An effective lymphodepletion strategy is critical to success with chimeric antigen receptor T-cell therapy, but also the choice of patients and even the cells used for CAR T cell manufacturing should be made with care.
David Maloney, MD, PhD
An effective lymphodepletion (LD) strategy is critical to success with chimeric antigen receptor (CAR) T-cell therapy, but also the choice of patients and even the cells used for CAR T cell manufacturing should be made with care, said David G. Maloney, MD, PhD, at the 2018 Pan Pacific Lymphoma Conference.
Maloney, who delivered the first annual Oliver Press Memorial Lecture, gave a wide-ranging overview of key considerations for CAR T cell success, which included clinical and financial challenges ranging from distinct adverse event (AE) management to unresolved payment policies that make it risky for cancer centers to undertake treatment with these agents.
Maloney is a professor at the University of Washington and medical director of the Bezos Family Immunotherapy Clinic at the Fred Hutchinson Cancer Research Center in Seattle.
There are strong distinctions in CD4 and CD8 cell populations between patients with non-Hodgkin lymphoma and healthy donors. The role of these cells makes it important to obtain CD4 and CD8 cells and combine them in the right ratio to achieve an effective response to manufactured CAR T-cell therapy, Maloney said.1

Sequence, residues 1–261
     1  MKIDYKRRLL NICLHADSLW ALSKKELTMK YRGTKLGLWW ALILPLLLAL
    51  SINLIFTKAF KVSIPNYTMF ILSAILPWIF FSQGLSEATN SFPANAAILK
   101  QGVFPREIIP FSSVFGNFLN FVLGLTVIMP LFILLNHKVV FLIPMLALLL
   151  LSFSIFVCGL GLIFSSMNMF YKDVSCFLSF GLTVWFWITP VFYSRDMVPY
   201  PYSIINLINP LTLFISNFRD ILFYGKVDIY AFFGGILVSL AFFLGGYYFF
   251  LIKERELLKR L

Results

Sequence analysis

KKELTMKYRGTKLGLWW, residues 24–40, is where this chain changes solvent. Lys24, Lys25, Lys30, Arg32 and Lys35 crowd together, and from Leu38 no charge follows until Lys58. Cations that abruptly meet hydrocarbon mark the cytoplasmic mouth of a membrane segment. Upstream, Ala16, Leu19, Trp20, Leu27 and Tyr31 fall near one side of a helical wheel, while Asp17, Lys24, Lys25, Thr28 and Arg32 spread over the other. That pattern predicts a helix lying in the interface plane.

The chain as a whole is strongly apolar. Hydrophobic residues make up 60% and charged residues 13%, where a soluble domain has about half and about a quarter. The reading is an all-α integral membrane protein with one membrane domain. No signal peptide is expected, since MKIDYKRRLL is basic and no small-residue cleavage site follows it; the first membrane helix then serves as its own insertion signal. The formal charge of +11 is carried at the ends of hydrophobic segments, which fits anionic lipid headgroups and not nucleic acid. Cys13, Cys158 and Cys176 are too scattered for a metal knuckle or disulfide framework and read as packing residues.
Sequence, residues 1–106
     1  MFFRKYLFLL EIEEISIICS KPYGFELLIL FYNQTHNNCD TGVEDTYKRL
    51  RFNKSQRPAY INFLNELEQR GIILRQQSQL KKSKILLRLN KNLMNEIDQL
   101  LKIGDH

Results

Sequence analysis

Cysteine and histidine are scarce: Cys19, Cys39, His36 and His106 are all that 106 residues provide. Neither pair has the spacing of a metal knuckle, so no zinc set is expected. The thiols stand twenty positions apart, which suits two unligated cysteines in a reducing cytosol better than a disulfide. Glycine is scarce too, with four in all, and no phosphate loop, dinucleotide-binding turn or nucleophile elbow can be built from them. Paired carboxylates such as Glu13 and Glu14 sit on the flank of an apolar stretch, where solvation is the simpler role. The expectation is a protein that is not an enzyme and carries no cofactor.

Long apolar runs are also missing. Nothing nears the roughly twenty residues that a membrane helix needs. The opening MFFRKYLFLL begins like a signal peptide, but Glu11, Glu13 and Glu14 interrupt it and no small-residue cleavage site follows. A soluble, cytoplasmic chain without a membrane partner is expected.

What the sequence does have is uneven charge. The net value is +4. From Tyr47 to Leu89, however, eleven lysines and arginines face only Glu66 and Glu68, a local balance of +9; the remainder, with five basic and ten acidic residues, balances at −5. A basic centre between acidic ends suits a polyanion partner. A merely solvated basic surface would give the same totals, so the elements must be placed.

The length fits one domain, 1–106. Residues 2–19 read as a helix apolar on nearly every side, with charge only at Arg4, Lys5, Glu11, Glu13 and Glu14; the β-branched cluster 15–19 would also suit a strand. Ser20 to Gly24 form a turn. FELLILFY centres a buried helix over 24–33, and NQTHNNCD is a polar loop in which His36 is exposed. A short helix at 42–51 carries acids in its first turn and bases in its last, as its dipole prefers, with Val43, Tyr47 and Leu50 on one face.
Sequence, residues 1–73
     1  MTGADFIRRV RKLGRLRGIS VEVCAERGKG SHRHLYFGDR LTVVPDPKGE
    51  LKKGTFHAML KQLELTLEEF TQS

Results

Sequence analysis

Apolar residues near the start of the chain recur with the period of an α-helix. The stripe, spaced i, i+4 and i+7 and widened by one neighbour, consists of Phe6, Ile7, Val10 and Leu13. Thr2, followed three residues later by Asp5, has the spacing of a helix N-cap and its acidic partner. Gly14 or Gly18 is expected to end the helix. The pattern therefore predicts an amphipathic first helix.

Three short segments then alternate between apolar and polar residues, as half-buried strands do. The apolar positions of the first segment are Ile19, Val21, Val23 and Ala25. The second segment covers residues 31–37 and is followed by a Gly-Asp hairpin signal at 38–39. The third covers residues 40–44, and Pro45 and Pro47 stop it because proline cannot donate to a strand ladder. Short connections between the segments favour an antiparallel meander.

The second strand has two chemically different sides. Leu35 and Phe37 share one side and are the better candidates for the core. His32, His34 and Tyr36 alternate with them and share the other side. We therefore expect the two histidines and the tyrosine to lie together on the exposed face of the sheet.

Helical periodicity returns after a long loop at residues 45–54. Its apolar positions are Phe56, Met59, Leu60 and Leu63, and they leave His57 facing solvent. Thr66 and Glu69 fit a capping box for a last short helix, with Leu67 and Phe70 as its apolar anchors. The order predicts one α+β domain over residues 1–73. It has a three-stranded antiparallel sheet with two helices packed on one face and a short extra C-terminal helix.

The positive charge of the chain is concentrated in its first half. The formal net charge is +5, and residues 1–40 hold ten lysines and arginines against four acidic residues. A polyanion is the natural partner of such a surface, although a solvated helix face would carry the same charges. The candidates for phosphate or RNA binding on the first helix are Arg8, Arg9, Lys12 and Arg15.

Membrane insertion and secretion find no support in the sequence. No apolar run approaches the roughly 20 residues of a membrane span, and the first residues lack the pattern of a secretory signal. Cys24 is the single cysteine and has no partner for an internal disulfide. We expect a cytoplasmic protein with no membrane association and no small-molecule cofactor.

“If you just collect the T cells and make a CAR, and don’t separate the populations, you end up with a wide range of CD4 and CD8,” he said. At Fred Hutchinson, investigators have sought to give the processed cells back to patients in a defined 1:1 ratio, which Maloney said has enabled them to improve the dose response and toxicity relationship.
In addition to cell populations, the impact of LD is critical. In an early stage study, investigators used cyclophosphamide (Cy)-based LD chemotherapy with or without fludarabine (Flu) prior to CD19-directed CAR T cell immunotherapy. The more intense the LD, which enhances the grafting of infused T cells, the higher the homeostatic cytokine levels of interleukin (IL)-7 and IL-15, which lengthens T-cell persistence. “If you do Cy/Flu, you can show a difference in the proliferation of the T cells,” and in fact it can be possible to administer a second treatment, Maloney said.
In a study of CAR T-cell therapy in patients with relapsed/refractory non-Hodgkin’s lymphoma (n = 79) by Gauthier et al presented at the 2018 ASCO Annual Meeting,2 investigators used Cy/Flu and achieved a 38% complete remission (CR) rate among patients with aggressive disease (n = 9) and an 89% CR rate among those with indolent disease (n = 48).
The same study found that CR was associated with superior progression-free survival (PFS): 57.2% of patients who achieved a CR were progression-free at the 2-year mark (95% CI, 39%-83%), whereas those with partial response (PR), stable disease, or progressive disease saw a median PFS of under 9 months. The gap extended to OS. For those achieving a CR, 78% were alive at 24 months (95% CI, 63%-97%). “If you don’t have a CR, then the outcome is quite poor,” Maloney said.
Some characteristics help predict who’s going to respond. A surprising finding by Gauthier et al was that pretreatment lactate dehydrogenase (LDH) levels in patients showed an inverse relationship to outcome. “The lower the pretreatment of LDH is, the better the response and the more likely you’re going to have a durable CR,” Maloney said.